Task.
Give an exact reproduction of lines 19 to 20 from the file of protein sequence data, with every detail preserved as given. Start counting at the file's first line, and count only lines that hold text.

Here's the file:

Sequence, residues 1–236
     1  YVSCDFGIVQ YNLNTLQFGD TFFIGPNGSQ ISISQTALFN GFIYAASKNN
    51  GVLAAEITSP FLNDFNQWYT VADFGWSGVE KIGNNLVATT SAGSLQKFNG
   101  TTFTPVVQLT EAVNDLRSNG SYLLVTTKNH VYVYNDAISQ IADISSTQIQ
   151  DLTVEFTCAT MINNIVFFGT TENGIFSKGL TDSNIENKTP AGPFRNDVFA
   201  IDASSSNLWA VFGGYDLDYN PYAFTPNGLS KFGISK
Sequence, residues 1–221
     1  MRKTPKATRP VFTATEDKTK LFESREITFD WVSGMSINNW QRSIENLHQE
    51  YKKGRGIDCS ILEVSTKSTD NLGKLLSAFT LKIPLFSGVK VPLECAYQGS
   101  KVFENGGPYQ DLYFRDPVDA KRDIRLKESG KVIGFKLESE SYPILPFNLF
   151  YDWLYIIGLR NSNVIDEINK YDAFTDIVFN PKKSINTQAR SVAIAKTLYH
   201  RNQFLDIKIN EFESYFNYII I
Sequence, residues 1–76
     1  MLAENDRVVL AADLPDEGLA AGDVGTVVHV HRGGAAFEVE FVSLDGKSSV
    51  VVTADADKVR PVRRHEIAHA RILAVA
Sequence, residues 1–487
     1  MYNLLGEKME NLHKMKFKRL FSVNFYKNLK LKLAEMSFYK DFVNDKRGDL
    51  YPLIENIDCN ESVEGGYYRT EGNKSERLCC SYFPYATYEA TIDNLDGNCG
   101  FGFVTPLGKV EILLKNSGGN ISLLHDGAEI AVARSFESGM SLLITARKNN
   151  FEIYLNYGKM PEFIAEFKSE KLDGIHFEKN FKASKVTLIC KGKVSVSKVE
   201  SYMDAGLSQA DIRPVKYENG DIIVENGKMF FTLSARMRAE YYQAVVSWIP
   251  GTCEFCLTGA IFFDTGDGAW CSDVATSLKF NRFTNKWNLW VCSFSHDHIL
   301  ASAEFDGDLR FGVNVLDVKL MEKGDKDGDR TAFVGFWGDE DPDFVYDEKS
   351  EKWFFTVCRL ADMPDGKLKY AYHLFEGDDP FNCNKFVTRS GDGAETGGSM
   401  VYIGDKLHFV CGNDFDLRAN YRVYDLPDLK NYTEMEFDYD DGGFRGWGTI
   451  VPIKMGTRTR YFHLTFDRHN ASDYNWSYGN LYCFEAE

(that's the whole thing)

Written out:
   101  FGFVTPLGKV EILLKNSGGN ISLLHDGAEI AVARSFESGM SLLITARKNN
   151  FEIYLNYGKM PEFIAEFKSE KLDGIHFEKN FKASKVTLIC KGKVSVSKVE